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You are here : 3-RX.com > Medical Encyclopedia > Special Topics > Pain Medications

Pain Medications

Alternate Names : Analgesic

A pain medicine lessens the amount, duration, or sensation of pain.

What is the information for this topic?

Over-the-counter pain medicine

Many pain medicines are available over the counter, without a prescription. Common over-the-counter pain medicines include:

  • acetaminophen
  • nonsteroidal anti-inflammatory drugs, or NSAIDs. Aspirin, ibuprofen, and naproxen are all NSAIDs.
  • Prescription pain medicine

    Prescription pain medicines are available only with a prescription from a healthcare provider. Examples include:

  • anticonvulsants, which can relieve chronic nerve pain. Examples include phenytoin and carbamazepine.
  • antidepressants, which may relieve certain kinds of chronic pain. Common antidepressants include amitriptyline, trazodone, and imipramine.
  • capsaicin, a cream that can relieve skin pain caused by shingles, nerve problems, and other causes
  • corticosteroids, which can relieve pain from inflammation
  • narcotics, which are the most effective for moderate to severe pain. Common narcotics include morphine, codeine, meperidine, and oxycodone.
  • sumatriptan and naratriptan, which can relieve the pain of a migraine headache
  • tramadol, which is used mainly for chronic pain
  • Side effects

    All medicines have potential side effects, including allergic reactions. Other common side effects of pain medicines include:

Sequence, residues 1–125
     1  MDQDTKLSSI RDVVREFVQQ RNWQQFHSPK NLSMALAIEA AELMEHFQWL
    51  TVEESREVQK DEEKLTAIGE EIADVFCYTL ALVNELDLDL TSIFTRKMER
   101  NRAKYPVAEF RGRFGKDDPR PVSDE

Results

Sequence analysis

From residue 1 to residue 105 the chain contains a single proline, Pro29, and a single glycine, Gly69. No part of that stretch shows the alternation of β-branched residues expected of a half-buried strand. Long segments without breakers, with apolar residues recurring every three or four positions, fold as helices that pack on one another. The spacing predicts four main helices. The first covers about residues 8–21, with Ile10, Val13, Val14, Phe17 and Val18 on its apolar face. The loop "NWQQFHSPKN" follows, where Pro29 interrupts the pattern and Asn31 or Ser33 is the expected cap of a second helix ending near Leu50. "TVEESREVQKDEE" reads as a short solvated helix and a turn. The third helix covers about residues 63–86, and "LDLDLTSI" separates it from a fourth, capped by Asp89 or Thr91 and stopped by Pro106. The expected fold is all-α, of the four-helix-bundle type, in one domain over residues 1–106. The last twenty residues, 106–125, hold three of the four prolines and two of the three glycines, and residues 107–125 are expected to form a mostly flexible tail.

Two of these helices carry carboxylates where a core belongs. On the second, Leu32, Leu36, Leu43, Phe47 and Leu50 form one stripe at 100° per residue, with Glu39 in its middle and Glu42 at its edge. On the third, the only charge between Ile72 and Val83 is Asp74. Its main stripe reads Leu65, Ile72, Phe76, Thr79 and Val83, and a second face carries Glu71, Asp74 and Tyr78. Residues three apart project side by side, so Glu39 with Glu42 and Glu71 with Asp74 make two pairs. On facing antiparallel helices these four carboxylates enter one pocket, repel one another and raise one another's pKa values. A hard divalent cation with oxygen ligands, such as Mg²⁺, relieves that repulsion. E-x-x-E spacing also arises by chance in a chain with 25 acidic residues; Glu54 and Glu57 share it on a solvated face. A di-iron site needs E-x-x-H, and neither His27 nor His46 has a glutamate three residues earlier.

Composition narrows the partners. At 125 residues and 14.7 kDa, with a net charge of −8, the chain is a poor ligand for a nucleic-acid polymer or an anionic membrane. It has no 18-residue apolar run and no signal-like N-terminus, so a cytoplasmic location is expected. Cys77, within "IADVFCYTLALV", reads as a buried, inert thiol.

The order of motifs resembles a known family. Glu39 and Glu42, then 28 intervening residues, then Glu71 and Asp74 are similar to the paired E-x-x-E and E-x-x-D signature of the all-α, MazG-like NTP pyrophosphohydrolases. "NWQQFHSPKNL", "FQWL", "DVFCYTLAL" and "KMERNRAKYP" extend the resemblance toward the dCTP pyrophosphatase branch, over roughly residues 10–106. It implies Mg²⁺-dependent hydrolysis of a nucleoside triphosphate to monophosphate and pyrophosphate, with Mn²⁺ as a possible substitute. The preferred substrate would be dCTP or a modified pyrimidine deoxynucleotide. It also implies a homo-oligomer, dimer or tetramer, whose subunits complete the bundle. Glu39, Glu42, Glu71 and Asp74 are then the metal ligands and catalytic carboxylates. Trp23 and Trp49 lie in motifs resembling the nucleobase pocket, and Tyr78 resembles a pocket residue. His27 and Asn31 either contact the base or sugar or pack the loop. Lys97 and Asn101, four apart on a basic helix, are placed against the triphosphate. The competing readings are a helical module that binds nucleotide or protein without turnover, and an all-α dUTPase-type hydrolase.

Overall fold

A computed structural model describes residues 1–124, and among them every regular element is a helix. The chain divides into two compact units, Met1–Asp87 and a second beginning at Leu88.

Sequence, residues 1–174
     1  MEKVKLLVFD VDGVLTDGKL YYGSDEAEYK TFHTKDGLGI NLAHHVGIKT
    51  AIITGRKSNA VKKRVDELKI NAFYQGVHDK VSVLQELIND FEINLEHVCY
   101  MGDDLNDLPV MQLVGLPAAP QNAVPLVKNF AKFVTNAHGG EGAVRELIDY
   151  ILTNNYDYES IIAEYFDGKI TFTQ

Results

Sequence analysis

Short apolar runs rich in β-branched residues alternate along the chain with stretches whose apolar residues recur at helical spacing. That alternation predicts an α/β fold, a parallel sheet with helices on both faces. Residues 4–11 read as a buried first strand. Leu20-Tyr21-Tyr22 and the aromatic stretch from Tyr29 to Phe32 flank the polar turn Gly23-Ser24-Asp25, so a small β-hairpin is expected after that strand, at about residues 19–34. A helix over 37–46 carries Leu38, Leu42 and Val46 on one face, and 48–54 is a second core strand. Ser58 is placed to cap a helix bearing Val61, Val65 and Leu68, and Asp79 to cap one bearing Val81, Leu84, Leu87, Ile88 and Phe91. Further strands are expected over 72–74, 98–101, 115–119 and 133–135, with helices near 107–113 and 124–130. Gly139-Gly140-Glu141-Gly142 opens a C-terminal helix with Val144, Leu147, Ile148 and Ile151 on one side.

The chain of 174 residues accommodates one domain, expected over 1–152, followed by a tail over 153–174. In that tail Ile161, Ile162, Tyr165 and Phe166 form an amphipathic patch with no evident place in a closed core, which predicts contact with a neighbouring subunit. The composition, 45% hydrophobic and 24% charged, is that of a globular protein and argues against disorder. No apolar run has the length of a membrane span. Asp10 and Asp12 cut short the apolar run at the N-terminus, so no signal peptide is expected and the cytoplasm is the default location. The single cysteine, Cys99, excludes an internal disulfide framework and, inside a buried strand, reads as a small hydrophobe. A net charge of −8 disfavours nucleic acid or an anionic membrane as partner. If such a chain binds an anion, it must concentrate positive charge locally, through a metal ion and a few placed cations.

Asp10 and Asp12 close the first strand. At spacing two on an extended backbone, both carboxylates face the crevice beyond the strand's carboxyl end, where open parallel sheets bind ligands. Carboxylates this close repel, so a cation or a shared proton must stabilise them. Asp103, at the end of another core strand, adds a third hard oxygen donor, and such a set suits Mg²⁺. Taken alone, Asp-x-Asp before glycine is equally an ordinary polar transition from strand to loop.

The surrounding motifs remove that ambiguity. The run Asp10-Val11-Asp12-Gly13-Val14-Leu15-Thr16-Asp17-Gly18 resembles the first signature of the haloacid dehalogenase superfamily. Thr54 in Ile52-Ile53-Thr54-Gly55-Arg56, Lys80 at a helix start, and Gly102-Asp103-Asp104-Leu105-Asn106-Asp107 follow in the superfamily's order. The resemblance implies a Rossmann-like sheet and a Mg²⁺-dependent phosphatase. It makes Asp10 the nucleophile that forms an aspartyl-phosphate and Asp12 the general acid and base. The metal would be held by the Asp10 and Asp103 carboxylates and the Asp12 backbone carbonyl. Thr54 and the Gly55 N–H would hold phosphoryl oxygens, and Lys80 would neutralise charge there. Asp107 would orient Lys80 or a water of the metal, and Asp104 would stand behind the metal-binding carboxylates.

• diabetes and osteoporosis with long-term use of corticosteroids
  • dizziness, drowsiness, and nausea with tramadol
  • drowsiness and confusion with anticonvulsants
  • drowsiness, nausea, constipation, and potential addiction with narcotics
  • dry mouth, drowsiness, and constipation with antidepressants
  • increased blood sugar and increased risk of infection with corticosteroid use
  • liver damage with high doses of acetaminophen, especially when it's used for long periods of time
  • rarely, increased blood pressure with sumatriptan and naratriptan
  • stomach upset, diarrhea, and rarely bleeding and kidney problems with NSAIDs
  • Some people have severe pain that won't respond to over-the-counter pain medicines. These people should talk to their healthcare provider. Pain can be a sign of a serious problem. If it is not, a healthcare provider can prescribe stronger medicine or suggest a specialist who can help control chronic pain.

    Author: James Broomfield, MD
    Reviewer: Melissa Sanders, PharmD
    Date Reviewed: 06/01/01

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